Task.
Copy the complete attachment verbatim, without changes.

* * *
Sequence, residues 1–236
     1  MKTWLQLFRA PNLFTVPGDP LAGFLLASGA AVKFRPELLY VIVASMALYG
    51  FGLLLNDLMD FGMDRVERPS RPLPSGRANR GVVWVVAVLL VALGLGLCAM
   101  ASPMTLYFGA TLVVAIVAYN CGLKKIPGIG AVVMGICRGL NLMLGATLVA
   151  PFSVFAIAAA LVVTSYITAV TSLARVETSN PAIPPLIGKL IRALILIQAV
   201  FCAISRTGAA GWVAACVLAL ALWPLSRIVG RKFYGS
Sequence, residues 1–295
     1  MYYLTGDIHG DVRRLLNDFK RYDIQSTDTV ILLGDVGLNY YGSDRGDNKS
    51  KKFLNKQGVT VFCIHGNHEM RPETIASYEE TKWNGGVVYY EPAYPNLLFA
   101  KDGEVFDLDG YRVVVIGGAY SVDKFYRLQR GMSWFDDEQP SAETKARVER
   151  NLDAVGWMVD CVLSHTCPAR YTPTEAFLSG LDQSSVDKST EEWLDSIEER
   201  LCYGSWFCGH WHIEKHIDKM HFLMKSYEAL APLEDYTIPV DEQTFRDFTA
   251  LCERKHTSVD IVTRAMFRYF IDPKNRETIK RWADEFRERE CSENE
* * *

Sequence, residues 1–236
     1  MKTWLQLFRA PNLFTVPGDP LAGFLLASGA AVKFRPELLY VIVASMALYG
    51  FGLLLNDLMD FGMDRVERPS RPLPSGRANR GVVWVVAVLL VALGLGLCAM
   101  ASPMTLYFGA TLVVAIVAYN CGLKKIPGIG AVVMGICRGL NLMLGATLVA
   151  PFSVFAIAAA LVVTSYITAV TSLARVETSN PAIPPLIGKL IRALILIQAV
   201  FCAISRTGAA GWVAACVLAL ALWPLSRIVG RKFYGS
Sequence, residues 1–295
     1  MYYLTGDIHG DVRRLLNDFK RYDIQSTDTV ILLGDVGLNY YGSDRGDNKS
    51  KKFLNKQGVT VFCIHGNHEM RPETIASYEE TKWNGGVVYY EPAYPNLLFA
   101  KDGEVFDLDG YRVVVIGGAY SVDKFYRLQR GMSWFDDEQP SAETKARVER
   151  NLDAVGWMVD CVLSHTCPAR YTPTEAFLSG LDQSSVDKST EEWLDSIEER
   201  LCYGSWFCGH WHIEKHIDKM HFLMKSYEAL APLEDYTIPV DEQTFRDFTA
   251  LCERKHTSVD IVTRAMFRYF IDPKNRETIK RWADEFRERE CSENE